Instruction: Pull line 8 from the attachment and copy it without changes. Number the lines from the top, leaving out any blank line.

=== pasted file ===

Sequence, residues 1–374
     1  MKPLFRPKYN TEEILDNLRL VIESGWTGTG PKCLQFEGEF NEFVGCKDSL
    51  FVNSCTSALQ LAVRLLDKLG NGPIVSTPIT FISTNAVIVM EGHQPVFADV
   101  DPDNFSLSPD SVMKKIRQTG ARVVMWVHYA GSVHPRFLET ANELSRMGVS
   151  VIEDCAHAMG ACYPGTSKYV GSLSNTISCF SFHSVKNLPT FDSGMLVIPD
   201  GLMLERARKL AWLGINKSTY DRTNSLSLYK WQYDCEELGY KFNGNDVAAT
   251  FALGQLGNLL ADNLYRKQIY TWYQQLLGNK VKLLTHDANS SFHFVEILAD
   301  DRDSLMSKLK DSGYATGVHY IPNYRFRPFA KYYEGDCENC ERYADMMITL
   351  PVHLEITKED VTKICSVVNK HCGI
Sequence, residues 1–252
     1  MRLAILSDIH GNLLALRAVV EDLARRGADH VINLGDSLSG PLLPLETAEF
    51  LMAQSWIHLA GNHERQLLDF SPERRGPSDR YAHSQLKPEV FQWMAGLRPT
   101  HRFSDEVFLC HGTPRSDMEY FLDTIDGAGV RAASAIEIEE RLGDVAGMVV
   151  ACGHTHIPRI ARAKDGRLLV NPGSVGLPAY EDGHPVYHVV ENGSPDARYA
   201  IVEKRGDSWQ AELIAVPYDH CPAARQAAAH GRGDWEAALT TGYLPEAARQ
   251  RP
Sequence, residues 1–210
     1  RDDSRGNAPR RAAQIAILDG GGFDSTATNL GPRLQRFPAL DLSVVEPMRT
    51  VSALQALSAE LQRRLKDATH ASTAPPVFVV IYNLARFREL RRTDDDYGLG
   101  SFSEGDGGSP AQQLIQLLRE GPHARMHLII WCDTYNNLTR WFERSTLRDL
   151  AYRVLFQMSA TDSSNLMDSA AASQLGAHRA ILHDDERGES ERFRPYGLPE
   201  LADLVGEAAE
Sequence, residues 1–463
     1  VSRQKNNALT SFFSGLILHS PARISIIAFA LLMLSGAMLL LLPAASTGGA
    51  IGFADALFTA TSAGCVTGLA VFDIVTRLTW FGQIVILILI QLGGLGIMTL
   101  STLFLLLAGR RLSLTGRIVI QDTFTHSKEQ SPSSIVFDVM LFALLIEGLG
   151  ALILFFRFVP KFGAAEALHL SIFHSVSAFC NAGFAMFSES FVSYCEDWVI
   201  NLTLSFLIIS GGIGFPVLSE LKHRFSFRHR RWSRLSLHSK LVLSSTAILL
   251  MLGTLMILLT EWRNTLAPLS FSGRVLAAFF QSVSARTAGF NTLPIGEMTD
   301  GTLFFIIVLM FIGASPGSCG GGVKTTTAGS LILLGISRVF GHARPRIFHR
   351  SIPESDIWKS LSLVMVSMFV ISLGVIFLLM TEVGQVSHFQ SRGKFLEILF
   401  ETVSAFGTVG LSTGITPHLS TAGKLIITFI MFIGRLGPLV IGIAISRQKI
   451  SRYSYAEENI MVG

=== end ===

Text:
   301  DRDSLMSKLK DSGYATGVHY IPNYRFRPFA KYYEGDCENC ERYADMMITL